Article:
A messed up home life is not an excuse to disrupt class. No student had a right to mess up my class because his home or neighborhood is messed up. If a student is told in the beginning not to blurt out and can't handle reminders and warnings in front of the class then he needs to be kicked out in front of the class.

He did it in front of the class deliberately did he not? My sympathies lie with the students who also have messed up homes, as I did, including living in a charity home for 3 years and having two alcoholic parents, one of whom was violent,yet are struggling to do their jobs and are suffering because of teachers who are more sympathy for the disrupters than those who are tracking with them.

What kind of training for work is this? What employer is going to waste his time on malingering disruptive rebellious workers? True, many students do not sleep, eat, bathe, have curfews, set bedtimes, limitations of t. I am an educator and am interested in seeing my students learn, but am mandated to teach government packaged curriculum that does not cover all of their needs.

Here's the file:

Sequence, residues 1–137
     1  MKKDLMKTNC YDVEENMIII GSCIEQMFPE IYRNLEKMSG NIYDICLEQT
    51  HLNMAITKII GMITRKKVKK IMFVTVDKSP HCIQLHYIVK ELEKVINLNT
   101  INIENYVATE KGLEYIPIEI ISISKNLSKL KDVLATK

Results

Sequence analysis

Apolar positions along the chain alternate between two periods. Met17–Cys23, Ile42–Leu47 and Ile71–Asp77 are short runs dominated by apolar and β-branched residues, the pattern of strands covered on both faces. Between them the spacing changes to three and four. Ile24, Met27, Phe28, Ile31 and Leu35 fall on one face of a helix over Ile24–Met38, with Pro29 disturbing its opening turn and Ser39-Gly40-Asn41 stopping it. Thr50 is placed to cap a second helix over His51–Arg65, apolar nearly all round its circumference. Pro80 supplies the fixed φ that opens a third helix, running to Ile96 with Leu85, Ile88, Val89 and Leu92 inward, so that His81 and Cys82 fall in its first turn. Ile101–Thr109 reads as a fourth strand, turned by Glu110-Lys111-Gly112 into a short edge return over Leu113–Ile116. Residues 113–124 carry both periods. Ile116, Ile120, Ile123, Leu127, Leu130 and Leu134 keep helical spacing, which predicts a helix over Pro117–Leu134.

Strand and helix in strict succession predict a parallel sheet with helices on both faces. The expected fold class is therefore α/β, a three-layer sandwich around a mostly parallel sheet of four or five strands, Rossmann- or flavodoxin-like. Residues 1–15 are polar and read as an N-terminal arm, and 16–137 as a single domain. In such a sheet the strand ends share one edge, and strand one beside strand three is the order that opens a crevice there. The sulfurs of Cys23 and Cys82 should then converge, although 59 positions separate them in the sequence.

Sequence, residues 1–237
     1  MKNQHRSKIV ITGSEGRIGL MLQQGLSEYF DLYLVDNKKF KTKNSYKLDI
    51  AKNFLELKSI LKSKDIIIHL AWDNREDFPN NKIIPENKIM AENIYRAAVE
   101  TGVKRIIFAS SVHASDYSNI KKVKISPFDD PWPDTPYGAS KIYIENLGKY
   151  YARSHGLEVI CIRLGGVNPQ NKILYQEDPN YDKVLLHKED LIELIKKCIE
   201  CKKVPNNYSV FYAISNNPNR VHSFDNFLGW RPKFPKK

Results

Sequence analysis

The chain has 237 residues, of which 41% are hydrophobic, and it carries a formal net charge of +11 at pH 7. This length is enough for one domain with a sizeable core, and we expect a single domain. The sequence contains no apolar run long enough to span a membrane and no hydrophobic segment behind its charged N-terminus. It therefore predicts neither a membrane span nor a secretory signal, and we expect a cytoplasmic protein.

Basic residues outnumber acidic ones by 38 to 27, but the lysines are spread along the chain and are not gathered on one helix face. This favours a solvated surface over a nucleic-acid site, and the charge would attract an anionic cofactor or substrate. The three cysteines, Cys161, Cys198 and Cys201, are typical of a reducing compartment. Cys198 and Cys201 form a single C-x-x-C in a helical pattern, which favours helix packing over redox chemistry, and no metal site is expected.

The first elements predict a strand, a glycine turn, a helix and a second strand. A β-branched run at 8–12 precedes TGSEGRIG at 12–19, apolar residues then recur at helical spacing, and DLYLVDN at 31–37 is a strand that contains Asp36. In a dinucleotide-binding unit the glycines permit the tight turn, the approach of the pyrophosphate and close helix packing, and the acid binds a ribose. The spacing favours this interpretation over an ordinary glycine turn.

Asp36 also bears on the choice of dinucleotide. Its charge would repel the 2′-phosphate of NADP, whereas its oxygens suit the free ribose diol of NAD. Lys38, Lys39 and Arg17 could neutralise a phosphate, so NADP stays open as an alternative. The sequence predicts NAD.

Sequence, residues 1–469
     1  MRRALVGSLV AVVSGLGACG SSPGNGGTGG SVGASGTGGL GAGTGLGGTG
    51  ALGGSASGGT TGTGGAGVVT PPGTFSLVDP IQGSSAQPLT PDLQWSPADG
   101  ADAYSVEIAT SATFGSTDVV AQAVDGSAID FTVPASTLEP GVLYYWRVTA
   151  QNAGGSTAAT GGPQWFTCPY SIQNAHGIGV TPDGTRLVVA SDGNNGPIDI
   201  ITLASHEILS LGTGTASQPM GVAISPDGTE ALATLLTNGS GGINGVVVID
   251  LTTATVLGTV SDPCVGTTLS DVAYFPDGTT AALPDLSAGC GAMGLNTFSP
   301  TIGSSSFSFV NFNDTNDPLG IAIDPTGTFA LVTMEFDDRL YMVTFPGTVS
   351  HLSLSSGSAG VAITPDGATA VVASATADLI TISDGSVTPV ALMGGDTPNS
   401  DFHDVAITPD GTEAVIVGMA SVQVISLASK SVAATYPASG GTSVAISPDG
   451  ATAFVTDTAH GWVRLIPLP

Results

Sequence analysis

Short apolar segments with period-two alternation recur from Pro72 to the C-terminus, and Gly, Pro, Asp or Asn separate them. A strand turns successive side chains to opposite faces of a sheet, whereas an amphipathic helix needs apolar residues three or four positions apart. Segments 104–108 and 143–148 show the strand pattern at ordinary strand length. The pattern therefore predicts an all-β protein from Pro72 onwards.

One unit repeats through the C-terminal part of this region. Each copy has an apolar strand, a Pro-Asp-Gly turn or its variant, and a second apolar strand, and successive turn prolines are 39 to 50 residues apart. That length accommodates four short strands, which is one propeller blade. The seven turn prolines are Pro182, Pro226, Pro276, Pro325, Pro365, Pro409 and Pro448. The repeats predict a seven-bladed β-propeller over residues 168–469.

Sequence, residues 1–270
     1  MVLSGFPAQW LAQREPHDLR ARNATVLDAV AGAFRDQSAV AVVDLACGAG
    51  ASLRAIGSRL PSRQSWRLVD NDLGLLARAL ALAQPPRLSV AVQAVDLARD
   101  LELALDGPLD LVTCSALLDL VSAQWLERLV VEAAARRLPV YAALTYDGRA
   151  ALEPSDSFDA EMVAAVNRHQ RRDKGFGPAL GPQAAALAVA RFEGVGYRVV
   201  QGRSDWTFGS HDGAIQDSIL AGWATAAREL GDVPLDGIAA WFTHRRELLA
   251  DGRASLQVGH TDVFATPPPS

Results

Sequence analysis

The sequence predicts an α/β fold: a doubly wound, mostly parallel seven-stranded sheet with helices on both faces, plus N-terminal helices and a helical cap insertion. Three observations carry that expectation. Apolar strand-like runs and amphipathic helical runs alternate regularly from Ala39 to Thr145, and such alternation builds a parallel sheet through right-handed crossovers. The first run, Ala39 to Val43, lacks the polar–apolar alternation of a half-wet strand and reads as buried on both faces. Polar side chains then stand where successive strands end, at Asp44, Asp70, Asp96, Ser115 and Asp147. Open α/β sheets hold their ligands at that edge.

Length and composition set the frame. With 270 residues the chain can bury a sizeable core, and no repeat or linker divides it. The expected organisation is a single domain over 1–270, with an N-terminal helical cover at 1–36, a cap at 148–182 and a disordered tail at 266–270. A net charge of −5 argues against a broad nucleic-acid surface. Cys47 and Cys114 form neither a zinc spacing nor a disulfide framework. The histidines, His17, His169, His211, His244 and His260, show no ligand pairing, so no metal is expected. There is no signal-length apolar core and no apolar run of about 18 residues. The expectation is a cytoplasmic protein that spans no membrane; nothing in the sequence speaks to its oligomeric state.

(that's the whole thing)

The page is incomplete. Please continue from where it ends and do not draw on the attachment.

I supplement, buy books, materials, and sweat bullets to make my classroom a wonderful place, but am disrespected daily. Gum, candy wrappers, my books treated as garbage, assignments poorly attempted, all while trying desperately to modify and accommodate the needs of each individual student. Meanwhile, the government is slowly chipping away at taking any security I have, putting my job on the line each year as they give me less time to teach what is necessary, and evaluate my performance as they seriously consider all of their evaluations on me.

If I score low on this, that affects my evaluation as a teacher. Students take these surveys right after they receive report cards, and are not thrilled getting the grades they have earned.